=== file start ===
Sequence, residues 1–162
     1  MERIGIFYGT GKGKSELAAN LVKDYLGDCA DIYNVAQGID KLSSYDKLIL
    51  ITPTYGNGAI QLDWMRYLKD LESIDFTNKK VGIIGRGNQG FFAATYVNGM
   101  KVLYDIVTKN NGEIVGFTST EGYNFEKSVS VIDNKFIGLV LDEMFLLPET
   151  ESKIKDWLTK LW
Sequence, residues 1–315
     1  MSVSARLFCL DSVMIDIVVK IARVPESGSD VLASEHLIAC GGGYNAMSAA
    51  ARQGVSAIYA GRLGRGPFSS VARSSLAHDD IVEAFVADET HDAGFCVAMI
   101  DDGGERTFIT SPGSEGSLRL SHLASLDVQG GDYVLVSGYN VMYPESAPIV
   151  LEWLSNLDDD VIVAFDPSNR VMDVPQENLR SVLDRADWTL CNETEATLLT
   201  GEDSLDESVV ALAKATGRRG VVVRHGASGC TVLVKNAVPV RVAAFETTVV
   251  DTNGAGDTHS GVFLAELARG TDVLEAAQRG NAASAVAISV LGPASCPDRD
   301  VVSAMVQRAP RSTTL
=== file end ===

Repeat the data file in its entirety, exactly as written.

Sequence, residues 1–162
     1  MERIGIFYGT GKGKSELAAN LVKDYLGDCA DIYNVAQGID KLSSYDKLIL
    51  ITPTYGNGAI QLDWMRYLKD LESIDFTNKK VGIIGRGNQG FFAATYVNGM
   101  KVLYDIVTKN NGEIVGFTST EGYNFEKSVS VIDNKFIGLV LDEMFLLPET
   151  ESKIKDWLTK LW
Sequence, residues 1–315
     1  MSVSARLFCL DSVMIDIVVK IARVPESGSD VLASEHLIAC GGGYNAMSAA
    51  ARQGVSAIYA GRLGRGPFSS VARSSLAHDD IVEAFVADET HDAGFCVAMI
   101  DDGGERTFIT SPGSEGSLRL SHLASLDVQG GDYVLVSGYN VMYPESAPIV
   151  LEWLSNLDDD VIVAFDPSNR VMDVPQENLR SVLDRADWTL CNETEATLLT
   201  GEDSLDESVV ALAKATGRRG VVVRHGASGC TVLVKNAVPV RVAAFETTVV
   251  DTNGAGDTHS GVFLAELARG TDVLEAAQRG NAASAVAISV LGPASCPDRD
   301  VVSAMVQRAP RSTTL